The topic of the next set of columns will be endgames. As an introduction to the future column I want to show you the examples of the endgames from the recent US Women’s Championship.
The first time I learned about endgame strategies was when I was 7 or 8 years old. In the chess school of the former Soviet Union it was a common teaching strategy to teach students endgames first and only then openings and the other stages of the games. My first serious national tournament was the girls U-8 Ukrainian Championship. As a preparation I went to a chess club every day and after group lessons I would stay with my coach to have private lessons on chess endgames. I still remember some of the concepts and the way he taught them to me. Not surprisingly, I also believe that endgames should be learned at the first stages of chess learning.
Unfortunately, these days endgames are far from a priority on the modern chess player’s list. With the shortened time control, many chess games end in the middlegame and players usually say that there is no point in learning endgames if they never get them during the game. Endgames teach a player about better piece coordination, calculation, pawn and piece dynamics. If you get better in the endgame stage of the game then you will bring your game to a higher level overall.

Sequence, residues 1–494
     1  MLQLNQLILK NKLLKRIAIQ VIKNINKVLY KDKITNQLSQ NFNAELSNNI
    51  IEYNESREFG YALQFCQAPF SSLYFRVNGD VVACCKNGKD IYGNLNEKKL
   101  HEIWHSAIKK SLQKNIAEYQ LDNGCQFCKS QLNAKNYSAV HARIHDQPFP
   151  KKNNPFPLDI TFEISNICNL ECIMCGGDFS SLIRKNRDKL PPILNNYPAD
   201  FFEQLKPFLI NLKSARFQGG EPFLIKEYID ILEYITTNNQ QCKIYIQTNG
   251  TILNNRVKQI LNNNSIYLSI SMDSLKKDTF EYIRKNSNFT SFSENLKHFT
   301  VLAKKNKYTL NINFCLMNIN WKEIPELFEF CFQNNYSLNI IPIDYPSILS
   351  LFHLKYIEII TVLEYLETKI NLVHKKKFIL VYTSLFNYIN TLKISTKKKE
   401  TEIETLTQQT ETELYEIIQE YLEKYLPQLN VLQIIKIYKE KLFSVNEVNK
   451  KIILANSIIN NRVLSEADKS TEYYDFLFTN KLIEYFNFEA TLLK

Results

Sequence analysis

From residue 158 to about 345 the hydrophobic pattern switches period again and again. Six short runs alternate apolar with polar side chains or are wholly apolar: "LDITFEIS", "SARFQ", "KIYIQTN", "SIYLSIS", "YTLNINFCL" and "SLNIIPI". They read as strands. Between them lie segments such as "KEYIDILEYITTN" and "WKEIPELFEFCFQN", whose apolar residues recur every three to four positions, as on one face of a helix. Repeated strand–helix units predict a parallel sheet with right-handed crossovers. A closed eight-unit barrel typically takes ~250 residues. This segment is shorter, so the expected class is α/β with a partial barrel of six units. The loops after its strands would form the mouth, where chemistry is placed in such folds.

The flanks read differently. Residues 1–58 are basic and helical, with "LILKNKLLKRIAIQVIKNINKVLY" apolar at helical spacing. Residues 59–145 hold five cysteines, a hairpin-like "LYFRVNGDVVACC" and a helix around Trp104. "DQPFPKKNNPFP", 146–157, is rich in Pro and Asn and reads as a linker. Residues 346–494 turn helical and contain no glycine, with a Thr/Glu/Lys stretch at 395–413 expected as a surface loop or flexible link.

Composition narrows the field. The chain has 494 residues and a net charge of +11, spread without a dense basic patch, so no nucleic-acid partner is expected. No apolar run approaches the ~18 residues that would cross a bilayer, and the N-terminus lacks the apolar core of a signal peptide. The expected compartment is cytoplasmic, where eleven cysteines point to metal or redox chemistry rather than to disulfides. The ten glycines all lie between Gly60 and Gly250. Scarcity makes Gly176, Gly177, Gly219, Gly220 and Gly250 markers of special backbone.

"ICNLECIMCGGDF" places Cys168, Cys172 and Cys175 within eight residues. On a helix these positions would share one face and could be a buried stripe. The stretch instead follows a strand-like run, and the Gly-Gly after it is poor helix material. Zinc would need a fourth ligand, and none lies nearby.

There were some good examples of endgames from the Championship, of which I will show you four. Three involved rooks and this is very typical because rook endgames are the most frequent guests in tournament play. Let us proceed towards the examples.
During the game I evaluated the position as approximately equal from a practical point of view. If black wants to save her extra pawn she has to be extremely patient and tolerate my rook in her camp for many moves. Alone, the activity of the rook on the seventh rank is worth about half a pawn. Moreover, black’s extra pawn is doubled.
A similar situation: black is up a pawn. White has the advantage of having a bishop which cooperates better with the rooks. On the other hand, the white pawn structure is not in good shape. White has only one plan here: a4 a:b and putting pressure on the b6 pawn. Black can either passively defend the b6 pawn (passive defense almost never leads to a good outcome), sacrifice the pawn but get some play on the other wing or not allow a4-a5. In the game black chose a passive defense but we will consider all the options here.
The following endgame decided who will be the 2010 US Women’s Champion. It was played in the last round and Zatonskih, who was playing white desperately needed a win to tie for the 1st place. Foisor did not have a good tournament, but this does not mean an easy win for Anna because Foisor is famous for having a good technique in the endgame. It looks like white ran out of steam at some point. Rd5 gave a more dynamic position, rather than what happened in the game. On the other hand, if Anna risked and lost then she could have ended up in 3rd place rather than a tie for 2nd.
The last example is a short one, I am sorry for giving a second example from my game. It can be used as an exercise, try to find the solution yourself, without looking at the notation. We were in heavy time trouble, thus I used less than a minute to find the following maneuver that I am really proud of.